' Setup the world, view, and projection matrices. Private Sub SetupMatrices() ' World Matrix: ' Just the identity. m_Device.Transform.World = Matrix.Identity() ' View Matrix: ' This is defined by giving: ' An eye point (0, 0, -3) ' A point to look at (0, 0, 0) ' An "up" direction <0, 1, 0> m_Device.Transform.View = Matrix.LookAtLH( _ New Vector3(0, 0, -3), _ New Vector3(0, 0, 0), _ New Vector3(0, 1, 0)) ' Projection Matrix: ' Perspective transformation defined by: ' Field of view Pi / 4 ' Aspect ratio 1 ' Near clipping plane Z = 1 ' Far clipping plane Z = 100 m_Device.Transform.Projection = _ Matrix.PerspectiveFovLH(Math.PI / 4, 1, 1, 100) End Sub

SetupMatrices sets the world transformation to the identity matrix. This transformation leaves all its data unchanged so the objects in three-dimensional space are not transformed before Direct3D applies the other transformations.

The method calls the Matrix class's LookAtLH function to define the viewing transformation. The "LH" at the end of the method's name indicates that it's designed for use in a left-handed coordinate system. This method builds a transformation that is defined by a camera position, a point toward which the camera should be pointed, and an "up" vector that determines the camera's roll (imagine holding the camera sideways or upside down).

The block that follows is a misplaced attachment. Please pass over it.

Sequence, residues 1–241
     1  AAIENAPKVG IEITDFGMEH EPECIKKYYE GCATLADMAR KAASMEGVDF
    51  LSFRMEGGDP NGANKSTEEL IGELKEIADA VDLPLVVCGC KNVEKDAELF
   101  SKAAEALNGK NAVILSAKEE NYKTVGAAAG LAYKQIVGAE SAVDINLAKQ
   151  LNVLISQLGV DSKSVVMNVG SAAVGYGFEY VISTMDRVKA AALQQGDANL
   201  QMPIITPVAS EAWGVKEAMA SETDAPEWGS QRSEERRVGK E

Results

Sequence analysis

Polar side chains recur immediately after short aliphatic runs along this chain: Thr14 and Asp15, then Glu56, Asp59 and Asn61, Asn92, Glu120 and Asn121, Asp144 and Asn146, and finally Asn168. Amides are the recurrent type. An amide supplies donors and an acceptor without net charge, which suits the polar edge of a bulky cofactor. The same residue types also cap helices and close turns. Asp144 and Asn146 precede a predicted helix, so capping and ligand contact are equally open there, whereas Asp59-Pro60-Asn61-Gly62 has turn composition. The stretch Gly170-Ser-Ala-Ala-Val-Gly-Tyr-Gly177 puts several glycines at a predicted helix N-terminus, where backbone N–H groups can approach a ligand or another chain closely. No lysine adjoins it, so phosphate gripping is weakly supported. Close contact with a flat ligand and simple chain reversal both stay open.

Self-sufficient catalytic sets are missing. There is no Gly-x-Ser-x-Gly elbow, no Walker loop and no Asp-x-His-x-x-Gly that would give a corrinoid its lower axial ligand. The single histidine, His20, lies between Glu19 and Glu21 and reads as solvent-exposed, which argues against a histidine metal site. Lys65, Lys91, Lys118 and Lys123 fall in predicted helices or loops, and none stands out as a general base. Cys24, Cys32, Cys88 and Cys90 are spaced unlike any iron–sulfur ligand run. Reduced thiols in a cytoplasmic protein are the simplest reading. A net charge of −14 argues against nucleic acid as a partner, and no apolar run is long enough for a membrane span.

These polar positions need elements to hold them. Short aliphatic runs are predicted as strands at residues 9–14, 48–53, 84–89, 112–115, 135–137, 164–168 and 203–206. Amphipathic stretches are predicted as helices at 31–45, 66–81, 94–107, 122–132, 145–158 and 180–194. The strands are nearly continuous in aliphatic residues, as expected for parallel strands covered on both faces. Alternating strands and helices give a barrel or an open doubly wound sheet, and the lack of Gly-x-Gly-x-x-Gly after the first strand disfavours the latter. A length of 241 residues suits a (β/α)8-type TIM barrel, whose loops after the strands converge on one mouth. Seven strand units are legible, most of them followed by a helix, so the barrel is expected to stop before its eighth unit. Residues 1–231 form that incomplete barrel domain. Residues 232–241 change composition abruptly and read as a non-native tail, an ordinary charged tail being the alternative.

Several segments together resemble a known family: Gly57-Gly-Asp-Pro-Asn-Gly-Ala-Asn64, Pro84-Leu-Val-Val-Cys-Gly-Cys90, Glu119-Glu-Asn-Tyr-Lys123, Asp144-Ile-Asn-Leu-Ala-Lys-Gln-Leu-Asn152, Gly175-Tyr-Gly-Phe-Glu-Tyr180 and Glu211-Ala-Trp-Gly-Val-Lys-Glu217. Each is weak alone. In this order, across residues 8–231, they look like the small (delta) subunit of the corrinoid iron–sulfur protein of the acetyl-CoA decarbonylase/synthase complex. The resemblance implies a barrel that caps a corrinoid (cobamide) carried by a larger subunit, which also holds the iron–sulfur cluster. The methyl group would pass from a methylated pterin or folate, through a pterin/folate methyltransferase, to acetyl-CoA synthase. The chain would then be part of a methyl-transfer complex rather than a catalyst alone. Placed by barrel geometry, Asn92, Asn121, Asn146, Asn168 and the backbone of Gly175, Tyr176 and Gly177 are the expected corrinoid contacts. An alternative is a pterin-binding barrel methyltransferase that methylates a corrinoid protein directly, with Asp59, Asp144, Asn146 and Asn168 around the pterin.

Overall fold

In this program, the camera is at position (0, 0, -3). If you recall the earlier discussion of Direct3D's left-handed coordinate system, the Z-axis normally points into the computer's screen so the point value refers to a point moved out of the screen toward where you are sitting relative to the origin (0, 0, 0). If you make the Z coordinate smaller (for example, -10), the camera moves further away from the origin, so objects look smaller. If you make the Z coordinate smaller (for example, -2), then the camera moves closer to the origin—and objects there look bigger.